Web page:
The Giants would amass 461 yards of total offense, hold Philadelphia to 65 rushing yards, accomplish virtually everything their game plan had called for — but, because they could not hold onto the ball, they were frittering away their season.
Collins fumbled two snaps in the third quarter. Bryant missed a short field goal. Barber lost another fumble. Other players began encouraging Barber, and the Giants kept trying to reload on the sideline. "It chips away at your head," linebacker Dhani Jones said.
With 13 minutes 45 seconds remaining in regulation, Shockey caught a pass over the middle, was slammed to the ground by safety Michael Lewis and got up waving an arm in celebration. A few plays later, Collins lofted a perfect pass into the end zone to Amani Toomer, 43 yards, a touchdown.
Or not. Rich Seubert, the left guard, was called for holding. Replays again showed that the call might have been questionable.
The Giants advanced to the 7-yard line, and Shockey lined up to the far left of the formation, defended by defensive back Brian Dawkins. The other Eagles blitzed, Collins threw the ball into the air, and Dawkins jumped to intercept.
But Shockey plucked the ball from Dawkins, ripping it away from him with his right hand. When they landed face to face in the end zone, Shockey nodded at Dawkins. Shockey stood and fired the ball into the stands.
Bryant hit the extra point, barely, bouncing the ball off the inside of the right upright and through. The game was tied.
Bryant felt awkward all day, terrible; maybe his blood sugar was low, he said. Matt Allen, the punter and holder, tried to encourage him because the game, and season, could well come down to a kick.
The Giants assumed possession on their 7-yard line with 5:17 left in regulation. They had a long way to go, but they also had a chance to bury the Eagles. Barber ran through the Philadelphia defense for an 8-yard pickup. On the next play, at the 26-yard line, Barber had his third fumble in the game after having three all season. "I couldn't believe it," he said.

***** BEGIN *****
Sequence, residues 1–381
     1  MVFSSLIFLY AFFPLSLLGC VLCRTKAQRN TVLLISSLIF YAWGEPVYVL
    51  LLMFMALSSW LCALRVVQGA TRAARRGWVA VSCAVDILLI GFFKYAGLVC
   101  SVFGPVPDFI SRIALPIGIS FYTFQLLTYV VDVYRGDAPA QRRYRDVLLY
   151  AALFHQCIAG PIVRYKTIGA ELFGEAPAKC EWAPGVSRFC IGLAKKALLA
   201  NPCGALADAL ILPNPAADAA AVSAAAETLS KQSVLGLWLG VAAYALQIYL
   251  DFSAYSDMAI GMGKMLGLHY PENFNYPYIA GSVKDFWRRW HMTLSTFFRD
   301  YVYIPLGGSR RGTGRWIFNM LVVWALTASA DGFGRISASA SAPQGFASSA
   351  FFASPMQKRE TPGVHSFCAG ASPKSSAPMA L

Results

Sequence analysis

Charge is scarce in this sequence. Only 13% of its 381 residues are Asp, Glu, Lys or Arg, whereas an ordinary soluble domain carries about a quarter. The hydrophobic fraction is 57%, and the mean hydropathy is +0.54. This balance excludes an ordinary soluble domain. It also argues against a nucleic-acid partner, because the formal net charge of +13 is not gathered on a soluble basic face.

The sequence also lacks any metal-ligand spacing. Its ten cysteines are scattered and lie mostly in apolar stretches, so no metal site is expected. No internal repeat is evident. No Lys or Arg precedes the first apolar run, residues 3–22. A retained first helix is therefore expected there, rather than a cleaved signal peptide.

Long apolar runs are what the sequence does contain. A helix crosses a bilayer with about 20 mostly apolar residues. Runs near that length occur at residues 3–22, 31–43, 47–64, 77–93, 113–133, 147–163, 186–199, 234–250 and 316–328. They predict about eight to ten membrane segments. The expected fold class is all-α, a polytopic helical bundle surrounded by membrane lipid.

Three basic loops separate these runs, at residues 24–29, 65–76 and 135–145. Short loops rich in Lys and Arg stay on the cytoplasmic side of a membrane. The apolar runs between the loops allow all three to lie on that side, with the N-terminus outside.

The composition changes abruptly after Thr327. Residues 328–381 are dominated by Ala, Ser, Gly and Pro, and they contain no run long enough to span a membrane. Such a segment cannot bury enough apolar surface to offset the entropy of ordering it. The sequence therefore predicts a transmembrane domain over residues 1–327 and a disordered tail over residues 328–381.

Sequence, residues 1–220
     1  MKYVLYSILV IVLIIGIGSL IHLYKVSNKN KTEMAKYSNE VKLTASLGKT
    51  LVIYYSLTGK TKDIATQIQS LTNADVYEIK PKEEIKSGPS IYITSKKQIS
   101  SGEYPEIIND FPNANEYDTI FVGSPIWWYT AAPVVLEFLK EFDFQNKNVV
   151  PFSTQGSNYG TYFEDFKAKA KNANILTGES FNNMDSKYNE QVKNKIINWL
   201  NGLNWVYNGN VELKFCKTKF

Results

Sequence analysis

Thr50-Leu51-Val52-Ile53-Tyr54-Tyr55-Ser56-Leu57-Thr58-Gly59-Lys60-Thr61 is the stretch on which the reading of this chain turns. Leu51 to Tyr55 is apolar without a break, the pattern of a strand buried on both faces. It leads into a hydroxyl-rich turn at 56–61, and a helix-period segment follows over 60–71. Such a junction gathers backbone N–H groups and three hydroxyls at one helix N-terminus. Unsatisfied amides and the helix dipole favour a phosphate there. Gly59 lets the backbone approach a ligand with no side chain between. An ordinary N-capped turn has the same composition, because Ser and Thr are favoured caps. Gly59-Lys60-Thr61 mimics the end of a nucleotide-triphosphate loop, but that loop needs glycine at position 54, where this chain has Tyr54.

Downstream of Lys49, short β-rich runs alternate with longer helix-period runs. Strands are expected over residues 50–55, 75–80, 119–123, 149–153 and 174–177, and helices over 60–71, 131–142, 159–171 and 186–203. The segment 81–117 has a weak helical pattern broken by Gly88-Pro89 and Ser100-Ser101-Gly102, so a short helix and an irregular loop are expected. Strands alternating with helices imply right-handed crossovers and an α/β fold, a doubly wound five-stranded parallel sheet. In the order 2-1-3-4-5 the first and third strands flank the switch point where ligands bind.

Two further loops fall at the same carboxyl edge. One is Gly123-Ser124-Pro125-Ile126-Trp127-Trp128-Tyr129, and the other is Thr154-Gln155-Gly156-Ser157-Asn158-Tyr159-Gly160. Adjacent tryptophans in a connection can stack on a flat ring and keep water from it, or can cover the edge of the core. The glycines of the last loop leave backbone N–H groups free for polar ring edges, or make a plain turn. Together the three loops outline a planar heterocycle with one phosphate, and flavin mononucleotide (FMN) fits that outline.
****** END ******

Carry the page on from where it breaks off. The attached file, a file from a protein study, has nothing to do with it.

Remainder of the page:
The Eagles were already in field-goal range. They kept the ball on the ground to run time off the clock, and then Akers — 30 for 33 this season, the best in the game — trotted onto the field. He was 35 yards away.
Toomer stared at the ground, refusing to watch; many others stared at the ground, as well. The ball was snapped; Jones rushed Akers and waited for the crowd reaction.
The Giants on the field said the ball appeared to hook right at the end, hooking, hooking. No good. Giants fans roared, and the players bounced around the bench happily. "I've got one word to say to you: I missed," Akers said.
Philadelphia won the coin toss to start overtime, but Brandon Short tipped a pass meant for Chad Lewis, and Shaun Williams intercepted at the Giants' 37. Fassel called five running plays, leery of putting the ball into the air, worried about a big mistake. An unsportsmanlike conduct call on Troy Vincent added 15 yards.
And Fassel sent Bryant on the field, the whole crazy season riding on his shoulders. Some of the Giants held hands on the sideline. Bryant looked down, Allen set his hand.
Bryant kicked; Allen heard his foot hit the ground. This has got to carry, Bryant thought immediately. And it did, propelling and saving the Giants.